It is unusual times when the Church can be seen to be more progressive in certain matters than the State but this may actually be such a time.

The UK has reached a stage in its history where polarized views and a lack of respect between the people who hold those views predominates. As the country seeks to find its feet in the wake of this unexpected outcome, we are all showing our uglier sides. The Head of the Church of England, the Archbishop of Canterbury recently referred to: ‘the thin crust of the politeness and tolerance of our society, through which since the referendum we have seen an outwelling of poison and hatred that I cannot remember in this country for very many years.’ At the moment, it seems that little is being done to deal with this.

At the same time, the Church of England has recently taken over 1300 of its members through its own two year process, in which I, along with around 20 other mediators and facilitators, helped people who felt passionately understand those who felt very differently from them. We did not set out to change anyone’s views, just to change the conversation: to help people disagree well. And that made all the difference.

The parallels between the Church’s issues over gay marriage and the State’s Brexit dilemma are emerging. For the time being the Church, surprisingly perhaps, seems to be doing rather better than the State at dealing with these difficult matters.

On the one hand, there is a sense that the Brexit vote, to some degree, affirmed those with racist tendencies, and gave them greater courage not only to share their views but also to act on them. This was not necessarily intended; but it seems to be an unfortunate consequence for a small minority at the far right of the Brexit vote. This can be likened to those within the Church who turn their backs on the LGBTI community, see them as a problem and exclude them. In both cases, these are by no means mainstream views but their shock-value and in some Brexit cases, the violent actions associated with them has them front and centre in the public perception.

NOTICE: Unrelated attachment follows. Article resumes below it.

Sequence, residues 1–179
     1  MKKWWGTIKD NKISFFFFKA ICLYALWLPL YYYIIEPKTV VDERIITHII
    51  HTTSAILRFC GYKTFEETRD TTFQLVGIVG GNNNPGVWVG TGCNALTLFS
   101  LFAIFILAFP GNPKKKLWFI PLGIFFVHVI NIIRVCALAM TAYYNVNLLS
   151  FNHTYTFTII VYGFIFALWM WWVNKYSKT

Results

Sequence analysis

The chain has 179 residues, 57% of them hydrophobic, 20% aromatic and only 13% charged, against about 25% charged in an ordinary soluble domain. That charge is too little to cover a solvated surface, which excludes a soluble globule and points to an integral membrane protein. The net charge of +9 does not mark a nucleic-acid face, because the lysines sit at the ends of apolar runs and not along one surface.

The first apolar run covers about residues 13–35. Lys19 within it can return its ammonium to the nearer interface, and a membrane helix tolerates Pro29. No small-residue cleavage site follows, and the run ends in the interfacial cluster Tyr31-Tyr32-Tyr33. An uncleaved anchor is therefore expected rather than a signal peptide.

A new ‘liberal extreme’ has sprung up which looks down on people who voted Brexit and unabashedly calls them ‘idiots’. They have forgotten the liberalism that inspired their ideas and have entered the debate as dogmatists, no longer concerned for inclusion and tolerance of those who do not share their views. This liberal extreme does not always recognize itself as such. It simply assumes that it is right. Don’t we all? And nobody wants to feel looked down on. In the case of the Church, its liberal extreme equally has a tendency to take the moral high-ground and not investigate further the views that it abhors.

The problem in these two cases is that everyone at the extremes just thinks they are right – and the few lonely voices in the middle get drowned out. The debate has become polarized and people do not see a need to listen to each other and discuss. The idea that there is nothing to talk about is often a key indicator that a really good conversation is needed. Not, any conversation but an Intelligent Conversation.

So perhaps, this is a time when the State can learn from the Church, and the Nation needs a conversation to help understand each others’ views. In order to do that, we need to understand where people who think very differently from us are coming from. We need to take the time to get to know them as people before we then understand what brought them to their viewpoint. If we persist in throwing words and ideas at each other, rather than engagingly wholeheartedly with our fellow countrymen and women, our Nation will be weaker, more brittle and more fragile. The UK needs its own version of the Church of England’s Regional Shared Conversations so that people all over the country can disagree with respect and move forward united, instead of developing more hatred, division and contempt.

(Modified for Kluwer Mediation Blog from the original version published on the Huffington Post)

Mia is a Mediator, Facilitator and Coach. You can find out more about Mia and Mia’s work on her  personal website and at


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